Craig NewmarkCraig Newmark, founder and Chief Customer Service officer of Craigslist, spoke last week at the Harvard Business School Club of New York, a talk he titled “Trust is the New Black.” Can I borrow that phrase, Craig? With attribution, of course.

I had not heard Craig speak before. Readers of this blog will find themselves nodding at many of his comments, and I for one found his thinking on several issues to be insightful and provocative.

Since I am not a professional reporter and did not record his talk nor take detailed notes, let me state that these are my impressions: while I’m trying to make my comments correspond to the reality of what he said, any disconnects are entirely my fault.

Unlike many speakers in the HBSCNY series, Craig allowed his comments to be on the record; he also gave out his email, Facebook and Twitter addresses freely. Not really surprising for someone who describes his primary job as being customer service. As he put it, “I haven’t done customer service for—oh, about an hour now.”

In the same vein, he suggests, “customer service, if done in good faith, is a form of public service.” That takes “doing well by doing good” to a whole ‘nother level. (I see some parallels with Buddhist Capitalism).

Craig Newmark on Leading and Managing: Competition, Metrics, Timeframe

Craig stated in definitive terms a couple of themes that readers of this blog will resonate with—the need for long-term thinking, and the focus more on commerce, and less on competition.

Someone asked about what he focused on: “I’m focused on the next 20 years, with an eye to the next 200. And I’m not kidding.” He isn’t, either. He’s very conscious of changing society, e.g. his recent involvement in veterans’ affairs.

In response to the question, “Who among your competitors most causes you to lose sleep?” Craig answered, “I don’t really lose sleep over competition at all. My focus is much more on customer-related issues—spam and scam, service.” My translation: Take care of your customers, and your competition issues will take care of themselves. (It also brings to mind an old Jerry Garcia quote: “The Grateful Dead don’t strive to be the best at what we do, but the only ones who do what we do.”)

On analytics: “We get lots of anecdotal feedback, and rely on intuitive skills. Whenever I’m in New York, I love popping in on realtors. We’re not so big on formal analytics.” I can’t read Craig’s mind, but I suspect he’s also got a healthy suspicion about the dangers of OD’ing on analytics.

Craig Newmark on Trust

Craig uses the designation “curators” to describe the job of editors; that was new to me, and I like it. “The news curators have a particularly big role to play in restoring trust in the media.”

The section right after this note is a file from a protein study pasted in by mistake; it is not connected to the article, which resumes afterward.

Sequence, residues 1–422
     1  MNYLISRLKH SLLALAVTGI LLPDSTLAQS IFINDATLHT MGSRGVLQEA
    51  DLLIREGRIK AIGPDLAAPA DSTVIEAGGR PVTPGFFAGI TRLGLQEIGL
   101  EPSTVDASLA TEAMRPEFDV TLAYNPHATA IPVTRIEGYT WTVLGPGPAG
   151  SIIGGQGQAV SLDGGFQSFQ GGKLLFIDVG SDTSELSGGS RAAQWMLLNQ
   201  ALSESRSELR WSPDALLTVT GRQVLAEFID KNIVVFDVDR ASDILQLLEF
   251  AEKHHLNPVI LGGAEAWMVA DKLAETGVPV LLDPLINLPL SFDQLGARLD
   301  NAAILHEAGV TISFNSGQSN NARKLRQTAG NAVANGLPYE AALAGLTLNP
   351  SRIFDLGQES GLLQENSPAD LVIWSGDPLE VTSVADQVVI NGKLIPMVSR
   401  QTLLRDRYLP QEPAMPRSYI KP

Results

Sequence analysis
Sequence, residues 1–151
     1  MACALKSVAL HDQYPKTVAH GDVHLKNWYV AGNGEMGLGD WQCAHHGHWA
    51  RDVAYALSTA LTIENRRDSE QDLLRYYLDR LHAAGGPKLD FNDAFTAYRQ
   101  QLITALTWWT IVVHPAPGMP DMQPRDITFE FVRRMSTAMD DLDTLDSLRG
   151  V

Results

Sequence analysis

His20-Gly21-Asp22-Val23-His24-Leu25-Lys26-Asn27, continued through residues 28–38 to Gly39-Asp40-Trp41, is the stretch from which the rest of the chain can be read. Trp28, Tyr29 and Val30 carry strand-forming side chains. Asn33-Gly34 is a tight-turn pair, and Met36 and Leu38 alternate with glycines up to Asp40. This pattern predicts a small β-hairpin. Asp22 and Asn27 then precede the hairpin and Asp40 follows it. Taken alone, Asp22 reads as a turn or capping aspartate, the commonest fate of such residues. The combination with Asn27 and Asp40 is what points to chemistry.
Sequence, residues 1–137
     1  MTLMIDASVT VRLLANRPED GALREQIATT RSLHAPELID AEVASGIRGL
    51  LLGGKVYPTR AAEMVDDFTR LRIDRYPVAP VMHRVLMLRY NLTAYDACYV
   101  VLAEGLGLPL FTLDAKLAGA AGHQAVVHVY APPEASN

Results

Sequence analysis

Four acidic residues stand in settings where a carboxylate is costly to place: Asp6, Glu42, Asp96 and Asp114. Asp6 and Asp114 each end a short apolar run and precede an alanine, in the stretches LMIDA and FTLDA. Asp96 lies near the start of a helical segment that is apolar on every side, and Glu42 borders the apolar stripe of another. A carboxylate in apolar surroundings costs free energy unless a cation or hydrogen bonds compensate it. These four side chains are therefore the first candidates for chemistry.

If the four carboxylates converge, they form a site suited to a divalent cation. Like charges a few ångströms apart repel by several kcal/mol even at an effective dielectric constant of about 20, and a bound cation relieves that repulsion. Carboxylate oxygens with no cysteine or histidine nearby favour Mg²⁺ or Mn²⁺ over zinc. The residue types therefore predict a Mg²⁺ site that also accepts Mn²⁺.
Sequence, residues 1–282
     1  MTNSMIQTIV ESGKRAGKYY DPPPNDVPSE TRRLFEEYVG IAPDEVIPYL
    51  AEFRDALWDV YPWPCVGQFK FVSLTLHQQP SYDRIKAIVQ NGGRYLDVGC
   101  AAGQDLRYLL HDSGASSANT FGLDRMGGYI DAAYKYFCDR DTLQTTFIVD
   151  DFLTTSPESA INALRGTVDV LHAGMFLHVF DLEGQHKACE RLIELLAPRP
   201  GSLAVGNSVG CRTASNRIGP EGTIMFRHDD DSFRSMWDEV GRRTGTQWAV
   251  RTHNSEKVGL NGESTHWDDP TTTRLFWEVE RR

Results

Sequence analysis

Craigslist puts a lot of effort into combating fraud. One person asked whether it was a losing battle, with fraud increasing. Here’s what Craig said: “You can’t make the world 100% safe, trust doesn’t come without risk. But in my experience [and he has a lot, I might add–CHG] the vast majority of people are trustworthy; maybe 1% of people have bad intentions. Just use commonsense.”

Asked about ways to improve trust going forward, Craig talked about establishing different levels on the scale between anonymity and certifiable identity. For a small transaction, maybe we don’t need to know much. For larger transactions, we need to have higher levels of verified identity.

Fair enough, but I actually found his answer to an earlier question to be even more relevant. “I’m not interested in politics, my focus is governance,” he said. “And we’ve got some great examples of governance right here in the US; they’re called the Constitution and the Bill of Rights. If you focus on asking how to work with those forms of governance, you can frame political issues in a far more productive way.” I’m guessing that Craig sees that focusing on issues of governance at the corporate level is similarly a way to resolve issues of competition, politics and social relevance, not to mention customer service.

My words now, not his: I think what he’s doing is running an organization which is at once purely capitalist and at the same time, always striving for integration into a broader context of social responsibility. Remember: “the dedication to true customer service through a for-profit enterprise is a form of public service.”

Capitalism and social responsibility are not incompatible: Craig Newmark is one of those rare leaders who sees that, done right, they are in fact inextricably linked, and for the benefit of both.